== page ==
Fiscal cliff, a big burden on Illinois tax payers

By Beau Ebenezer

December 28, 2012 Updated Nov 4, 2013 at 2:14 PM CDT

WASHINGTON D.C. -- President Obama and lawmakers met Friday for another round of last minute negotiations in the battle to avoid the tax increases and spending cuts known as the fiscal cliff.

State of Illinois officials are warning the public of the economic impact that the cuts could have not only on the country, on the state level as well.

"I think the public hasn't zeroed in yet on what this is going to mean to them. But wait until they get their first pay checks and go into cardiac arrest when they realize all of this money is being taken out of their pay checks. And it is also being taken out of the state's paychecks," said State of Illinois Comptroller, Judy Topinka.

If no agreement is made in Washington by the new year, The State of Illinois could see more than $1 billion in cuts added to it's already $7.4 billion in unpaid bills.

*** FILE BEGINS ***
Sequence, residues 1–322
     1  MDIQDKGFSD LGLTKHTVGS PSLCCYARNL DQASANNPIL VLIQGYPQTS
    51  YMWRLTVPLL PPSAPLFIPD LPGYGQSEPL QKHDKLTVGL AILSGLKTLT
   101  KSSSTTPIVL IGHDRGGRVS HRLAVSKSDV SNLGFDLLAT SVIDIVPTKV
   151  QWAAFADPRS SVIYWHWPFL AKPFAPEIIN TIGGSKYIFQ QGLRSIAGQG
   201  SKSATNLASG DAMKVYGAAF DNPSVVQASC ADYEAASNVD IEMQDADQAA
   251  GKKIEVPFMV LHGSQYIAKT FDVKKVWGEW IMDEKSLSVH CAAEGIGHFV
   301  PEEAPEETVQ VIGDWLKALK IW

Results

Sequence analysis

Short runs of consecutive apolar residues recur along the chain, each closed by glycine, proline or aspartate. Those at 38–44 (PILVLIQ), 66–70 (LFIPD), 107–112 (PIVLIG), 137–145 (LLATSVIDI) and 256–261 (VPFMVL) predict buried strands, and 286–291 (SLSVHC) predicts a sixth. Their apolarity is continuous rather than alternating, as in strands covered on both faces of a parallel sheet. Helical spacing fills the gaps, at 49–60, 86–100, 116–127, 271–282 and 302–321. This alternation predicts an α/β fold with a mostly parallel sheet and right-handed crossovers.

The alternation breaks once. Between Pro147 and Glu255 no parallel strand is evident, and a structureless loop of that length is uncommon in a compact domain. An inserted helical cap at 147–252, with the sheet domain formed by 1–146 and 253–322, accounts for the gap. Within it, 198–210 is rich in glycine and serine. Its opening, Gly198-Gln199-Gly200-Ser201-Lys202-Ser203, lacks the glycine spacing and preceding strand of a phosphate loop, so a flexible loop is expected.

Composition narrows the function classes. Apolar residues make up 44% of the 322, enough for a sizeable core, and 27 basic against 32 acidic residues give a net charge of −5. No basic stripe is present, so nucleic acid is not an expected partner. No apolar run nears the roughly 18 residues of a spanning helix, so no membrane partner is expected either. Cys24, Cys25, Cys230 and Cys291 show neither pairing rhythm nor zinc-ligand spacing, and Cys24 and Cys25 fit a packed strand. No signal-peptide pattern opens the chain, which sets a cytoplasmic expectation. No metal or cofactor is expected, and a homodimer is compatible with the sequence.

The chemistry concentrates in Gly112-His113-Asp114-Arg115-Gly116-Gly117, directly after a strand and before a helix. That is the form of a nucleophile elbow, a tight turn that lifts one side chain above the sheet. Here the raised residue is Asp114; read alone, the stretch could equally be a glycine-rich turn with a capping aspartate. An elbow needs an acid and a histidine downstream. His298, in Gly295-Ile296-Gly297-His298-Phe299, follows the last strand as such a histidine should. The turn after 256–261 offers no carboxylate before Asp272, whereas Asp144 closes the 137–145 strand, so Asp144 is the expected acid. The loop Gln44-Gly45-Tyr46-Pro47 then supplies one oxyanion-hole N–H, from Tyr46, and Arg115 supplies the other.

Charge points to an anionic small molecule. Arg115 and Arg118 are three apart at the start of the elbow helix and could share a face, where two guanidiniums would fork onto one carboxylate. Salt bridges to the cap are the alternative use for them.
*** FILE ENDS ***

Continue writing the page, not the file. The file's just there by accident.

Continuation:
State Senator Dave Koehler says he does not expect anything to get done in Washington until new congress members are sworn in on January 9th.

"We want some action out of the congress. This has just been an awfully do nothing Congress in the past two years. So hopefully in the next two years it will be nice to see that they can work together and get something done," said Koehler

Republican Congressman Aaron Schock says the House has passed alternatives to the automatic taxes and spending cuts, but the U.S. Senate has not acted.

"We're in this deficit and we're having this problem because we have exploded government spending and that's why so many of us in the house are adamant that if taxes are going to go up, that we not just raise taxes but we make cuts," said Schock.

Illinois is looking at a scheduled 2% increase on Social Security tax rates for the new year that could cost residents up to $6 billion.

Along with that, the fiscal crisis could even mean higher prices at the grocery store.

With members of Congress expressing their doubts on getting a deal before the January 1st deadline, Illinois residents may need to prepare to see a substantial drop when picking up their first pay-check of the new year.

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